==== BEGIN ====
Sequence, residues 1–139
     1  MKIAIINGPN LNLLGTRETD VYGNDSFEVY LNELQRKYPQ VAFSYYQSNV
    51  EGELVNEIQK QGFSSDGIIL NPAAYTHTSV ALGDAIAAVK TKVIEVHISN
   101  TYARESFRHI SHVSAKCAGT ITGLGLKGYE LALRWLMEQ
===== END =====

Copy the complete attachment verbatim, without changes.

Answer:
Sequence, residues 1–139
     1  MKIAIINGPN LNLLGTRETD VYGNDSFEVY LNELQRKYPQ VAFSYYQSNV
    51  EGELVNEIQK QGFSSDGIIL NPAAYTHTSV ALGDAIAAVK TKVIEVHISN
   101  TYARESFRHI SHVSAKCAGT ITGLGLKGYE LALRWLMEQ